This concept applies to her eyewear designs. “Eyewear as an accessory is as intimate and personal as jewelry, but because it’s part of the face, the design is extremely serious.” And whether it helps the wearer see better or, in the case of sunwear, protects the eyes and skin from harmful UV rays, it also has a strong functional aspect, Kamali emphasizes. She believes eyewear will continue to evolve in its technical innovations and as a fashion accessory. “I think we will eventually have eyewear that corrects vision as we’re wearing it. Ultimately, technology will resolve our vision problems, but eyewear will not go away. It can then become truly a fun, fashion accessory,” she says.
With her eyewear as with her other fashions, she tries to root the designs in the values and emotions of real women. She feels women have a strong advantage designing for other women. “We understand each other’s insecurities and phobias. We know what makes women stand straighter, feel more confident. We understand what makes other women feel attractive. That’s a real female thing,” the designer notes.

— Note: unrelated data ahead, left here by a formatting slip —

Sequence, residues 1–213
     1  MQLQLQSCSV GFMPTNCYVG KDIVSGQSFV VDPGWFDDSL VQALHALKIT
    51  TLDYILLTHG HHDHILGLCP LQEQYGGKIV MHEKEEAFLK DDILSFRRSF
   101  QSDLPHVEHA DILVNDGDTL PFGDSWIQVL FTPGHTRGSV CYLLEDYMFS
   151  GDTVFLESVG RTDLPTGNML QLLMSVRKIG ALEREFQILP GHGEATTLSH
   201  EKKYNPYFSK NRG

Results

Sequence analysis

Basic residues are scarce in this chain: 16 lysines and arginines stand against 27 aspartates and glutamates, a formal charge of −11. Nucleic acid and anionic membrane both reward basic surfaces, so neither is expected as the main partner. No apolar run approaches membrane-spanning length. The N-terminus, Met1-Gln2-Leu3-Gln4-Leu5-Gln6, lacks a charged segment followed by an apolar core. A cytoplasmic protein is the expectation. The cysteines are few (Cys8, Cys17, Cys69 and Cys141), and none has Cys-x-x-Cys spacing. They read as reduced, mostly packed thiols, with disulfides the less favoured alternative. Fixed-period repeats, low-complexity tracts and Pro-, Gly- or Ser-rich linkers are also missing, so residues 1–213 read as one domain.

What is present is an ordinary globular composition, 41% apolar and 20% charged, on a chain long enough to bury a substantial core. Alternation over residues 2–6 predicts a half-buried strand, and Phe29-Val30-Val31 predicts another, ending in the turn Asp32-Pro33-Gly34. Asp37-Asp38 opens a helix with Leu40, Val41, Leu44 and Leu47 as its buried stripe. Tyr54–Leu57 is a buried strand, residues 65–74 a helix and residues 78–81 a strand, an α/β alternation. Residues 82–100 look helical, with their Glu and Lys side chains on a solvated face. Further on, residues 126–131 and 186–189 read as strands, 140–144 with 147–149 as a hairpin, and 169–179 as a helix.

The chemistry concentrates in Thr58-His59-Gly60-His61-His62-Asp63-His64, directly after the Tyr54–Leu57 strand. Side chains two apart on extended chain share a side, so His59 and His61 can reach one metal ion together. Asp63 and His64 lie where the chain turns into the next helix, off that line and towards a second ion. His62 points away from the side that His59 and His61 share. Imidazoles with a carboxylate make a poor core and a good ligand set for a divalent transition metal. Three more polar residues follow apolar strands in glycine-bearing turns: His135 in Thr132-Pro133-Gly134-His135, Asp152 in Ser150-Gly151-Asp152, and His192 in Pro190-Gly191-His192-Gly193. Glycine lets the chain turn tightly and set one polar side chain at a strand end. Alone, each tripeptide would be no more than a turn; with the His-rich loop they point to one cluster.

Current projects include a new store in New York’s SoHo section, selling beauty products based on homeophatic treatments. “We will have feel-good, ‘Grandma-style’ products for the entire family: Mom, Dad, dogs and cats,” Kamali says. She also has created a state-of-the art design room in Washington Irving High School in New York (her alma mater), where she teaches the school’s first fashion design class. Additionally, she has signed a license with Scholastic to write a book on “How To Be a Designer” for students of fashion.
Whatever she’s doing, Kamali enjoys her work. “I like making things happen everyday. It’s a great privilege to have a career you really enjoy,” she says. “I used to think being a fashion designer was superficial, but then people tell me what great memories they have of wearing my designs. I like that. There’s something very healing about good memories.” And as reinforcement, just as this interview was ending, a woman entered the store and thanked Kamali for all her designs. The long-time Kamali customer, a grief councilor, said wearing the designer’s clothes helped bring comfort into an often extremely sad environment.